A ‘Prismatic’ colour wheel, one of the three illustrations found in the 1811 edition of Moses Harris’ Natural System of Colours sold by Hansons at £12,000.

Enjoy unlimited access: just £1 for 12 weeks

Subscribe now

The entomologist and engraver Moses Harris is best known for The Aurelian: A Natural History of English Insects, first published in 1766, but the Hansons (25% buyer’s premium) sale of December 10-11 presented a long admired but far, far rarer work.

First printed in that same year, his Natural System of Colours is a slim work that focuses on the multitude of colours that can be created using what he described as the “grand or principle” colours of red, yellow and blue. It makes no showing in auction records – and neither does the second, posthumously published edition of 1811, edited by Thomas Martyn, that featured at Hansons.

The only auction reference I found was to an American facsimile of 1963 that made $100 in a 1982 sale held by Swann Galleries.

Complete with three plates, the contents of this slim work, though loose, were generally very good and the hand colouring described as vibrant. It sold at £12,000.

Extra catalogue notes for the lot were provided by Dr Alexandra Loske of the University of Sussex. The author of Colour: A Visual History (2019), she explained: “It may be a short work, but it is one the most influential and beautiful books in Western colour history.”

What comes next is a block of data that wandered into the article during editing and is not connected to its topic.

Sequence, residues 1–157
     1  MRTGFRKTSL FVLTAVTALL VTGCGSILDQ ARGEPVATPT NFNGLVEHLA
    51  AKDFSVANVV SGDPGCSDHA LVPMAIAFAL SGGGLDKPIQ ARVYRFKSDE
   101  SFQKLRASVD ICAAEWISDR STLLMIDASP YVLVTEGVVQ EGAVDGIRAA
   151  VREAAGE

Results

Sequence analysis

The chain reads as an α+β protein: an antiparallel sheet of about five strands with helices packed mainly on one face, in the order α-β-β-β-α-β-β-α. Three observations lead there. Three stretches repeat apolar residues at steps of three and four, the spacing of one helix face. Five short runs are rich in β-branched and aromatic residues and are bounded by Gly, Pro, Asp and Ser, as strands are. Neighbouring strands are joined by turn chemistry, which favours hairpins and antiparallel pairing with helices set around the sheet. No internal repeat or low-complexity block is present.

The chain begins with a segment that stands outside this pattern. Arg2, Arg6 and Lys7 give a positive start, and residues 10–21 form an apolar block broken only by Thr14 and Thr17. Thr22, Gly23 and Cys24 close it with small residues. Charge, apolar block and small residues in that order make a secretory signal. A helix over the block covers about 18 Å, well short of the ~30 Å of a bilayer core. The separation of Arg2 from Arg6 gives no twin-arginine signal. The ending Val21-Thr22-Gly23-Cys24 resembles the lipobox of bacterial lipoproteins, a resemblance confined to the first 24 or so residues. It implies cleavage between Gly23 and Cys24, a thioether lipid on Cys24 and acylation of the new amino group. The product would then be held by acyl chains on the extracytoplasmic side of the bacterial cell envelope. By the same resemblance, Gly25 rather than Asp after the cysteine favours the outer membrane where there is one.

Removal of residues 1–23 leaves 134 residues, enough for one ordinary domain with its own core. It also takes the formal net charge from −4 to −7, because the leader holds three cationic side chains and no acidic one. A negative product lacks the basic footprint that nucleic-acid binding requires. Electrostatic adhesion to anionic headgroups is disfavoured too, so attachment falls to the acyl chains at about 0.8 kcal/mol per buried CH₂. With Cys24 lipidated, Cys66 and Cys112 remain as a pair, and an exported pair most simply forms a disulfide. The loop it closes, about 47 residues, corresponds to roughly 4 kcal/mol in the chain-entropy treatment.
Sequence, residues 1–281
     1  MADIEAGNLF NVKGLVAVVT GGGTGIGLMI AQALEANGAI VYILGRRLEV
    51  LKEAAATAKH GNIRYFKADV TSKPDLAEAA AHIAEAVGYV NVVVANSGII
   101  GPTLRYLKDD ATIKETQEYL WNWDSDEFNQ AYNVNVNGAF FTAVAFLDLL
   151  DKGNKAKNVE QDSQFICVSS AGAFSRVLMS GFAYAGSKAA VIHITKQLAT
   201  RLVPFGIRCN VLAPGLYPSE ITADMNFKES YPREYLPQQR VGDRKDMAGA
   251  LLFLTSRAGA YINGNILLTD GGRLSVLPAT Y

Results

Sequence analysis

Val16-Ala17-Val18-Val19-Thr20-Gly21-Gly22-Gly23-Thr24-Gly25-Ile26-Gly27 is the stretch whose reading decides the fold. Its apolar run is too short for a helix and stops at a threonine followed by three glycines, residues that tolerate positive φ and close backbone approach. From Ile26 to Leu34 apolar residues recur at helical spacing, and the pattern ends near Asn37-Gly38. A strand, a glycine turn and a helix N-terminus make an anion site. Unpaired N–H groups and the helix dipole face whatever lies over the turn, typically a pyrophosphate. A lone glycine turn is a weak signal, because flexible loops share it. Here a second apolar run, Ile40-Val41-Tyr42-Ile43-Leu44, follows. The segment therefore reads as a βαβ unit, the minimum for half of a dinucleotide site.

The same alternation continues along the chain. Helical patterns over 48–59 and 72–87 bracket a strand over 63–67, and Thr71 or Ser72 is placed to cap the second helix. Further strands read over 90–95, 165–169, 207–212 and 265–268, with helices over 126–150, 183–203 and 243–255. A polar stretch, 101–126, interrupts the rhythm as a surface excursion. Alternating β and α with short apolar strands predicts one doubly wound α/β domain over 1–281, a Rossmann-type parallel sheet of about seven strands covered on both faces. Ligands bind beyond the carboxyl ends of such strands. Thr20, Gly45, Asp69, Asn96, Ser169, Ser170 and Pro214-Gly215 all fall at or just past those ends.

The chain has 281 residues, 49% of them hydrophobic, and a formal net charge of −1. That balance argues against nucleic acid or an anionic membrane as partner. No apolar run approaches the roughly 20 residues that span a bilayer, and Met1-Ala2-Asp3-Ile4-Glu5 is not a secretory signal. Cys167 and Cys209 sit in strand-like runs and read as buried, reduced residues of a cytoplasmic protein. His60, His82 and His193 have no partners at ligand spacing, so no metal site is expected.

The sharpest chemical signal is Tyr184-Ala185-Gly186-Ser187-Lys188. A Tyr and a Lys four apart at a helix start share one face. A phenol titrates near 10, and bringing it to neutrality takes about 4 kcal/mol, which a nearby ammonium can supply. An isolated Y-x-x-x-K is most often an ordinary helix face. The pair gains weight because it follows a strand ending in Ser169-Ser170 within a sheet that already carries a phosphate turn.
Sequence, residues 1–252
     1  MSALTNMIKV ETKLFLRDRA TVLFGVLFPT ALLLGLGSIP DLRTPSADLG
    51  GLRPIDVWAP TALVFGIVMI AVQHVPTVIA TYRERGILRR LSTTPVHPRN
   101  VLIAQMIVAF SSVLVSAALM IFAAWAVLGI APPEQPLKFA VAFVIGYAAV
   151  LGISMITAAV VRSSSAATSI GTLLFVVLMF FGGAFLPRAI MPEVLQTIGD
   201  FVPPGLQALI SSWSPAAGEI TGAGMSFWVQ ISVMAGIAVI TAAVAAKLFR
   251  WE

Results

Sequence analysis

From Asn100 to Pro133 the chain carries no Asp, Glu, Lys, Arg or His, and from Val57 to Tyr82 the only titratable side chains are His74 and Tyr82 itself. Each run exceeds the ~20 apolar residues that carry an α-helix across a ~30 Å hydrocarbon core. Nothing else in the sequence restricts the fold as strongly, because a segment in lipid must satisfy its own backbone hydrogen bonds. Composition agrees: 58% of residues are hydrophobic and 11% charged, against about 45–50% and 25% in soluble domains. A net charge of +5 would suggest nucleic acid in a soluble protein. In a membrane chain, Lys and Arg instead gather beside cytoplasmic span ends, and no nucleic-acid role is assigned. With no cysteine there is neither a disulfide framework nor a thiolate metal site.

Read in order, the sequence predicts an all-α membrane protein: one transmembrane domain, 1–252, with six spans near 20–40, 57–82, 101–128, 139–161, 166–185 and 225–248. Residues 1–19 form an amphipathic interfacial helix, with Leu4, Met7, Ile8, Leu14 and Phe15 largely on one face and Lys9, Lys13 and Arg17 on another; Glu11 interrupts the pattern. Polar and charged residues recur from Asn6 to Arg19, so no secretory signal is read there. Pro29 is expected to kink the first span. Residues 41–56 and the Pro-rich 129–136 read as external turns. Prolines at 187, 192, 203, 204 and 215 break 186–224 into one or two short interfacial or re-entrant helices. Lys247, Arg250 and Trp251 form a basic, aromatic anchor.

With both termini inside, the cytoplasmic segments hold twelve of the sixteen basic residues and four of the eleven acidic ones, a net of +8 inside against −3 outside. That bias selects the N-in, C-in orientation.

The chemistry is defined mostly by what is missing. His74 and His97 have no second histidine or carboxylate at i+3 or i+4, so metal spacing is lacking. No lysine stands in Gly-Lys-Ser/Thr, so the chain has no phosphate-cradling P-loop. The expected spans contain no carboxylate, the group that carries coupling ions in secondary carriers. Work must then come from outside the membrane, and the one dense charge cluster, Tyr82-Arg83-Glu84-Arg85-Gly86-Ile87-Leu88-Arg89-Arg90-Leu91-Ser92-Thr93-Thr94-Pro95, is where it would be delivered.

Dr Loske also noted: “Fewer than 10 copies of the first and second editions…are recorded. I have inspected almost all of them, and the quality of the hand-coloured plates in this copy is outstanding.”

Though not inscribed as such, it was stated by the auction house that this copy had once belonged to the dedicatee, the artist Benjamin West – an ancestor of the consignor’s late husband.

Potter gains

Past successes at auctions at Hansons and elsewhere have prompted owners of Harry Potter books to cash in.

On this occasion four of the 500 first-issue copies of Harry Potter and the Philosopher’s Stone of 1997 were offered in the Etwall saleroom and made sums ranging from £17,500 to £68,000.

The cheapest of them, actually estimated at just £2000-3000, was a very scruffy and battered copy that lacked the front endpaper and the half-title (previewed in ATG No 2473) – but the best-seller was a perfectly presentable copy.

A paperback first also sold at £7000 and plenty of JK Rowling’s later works were on offer as well.

Another of the 500 first-issue copies will be offered at Lyon & Turnbull on February 24-25.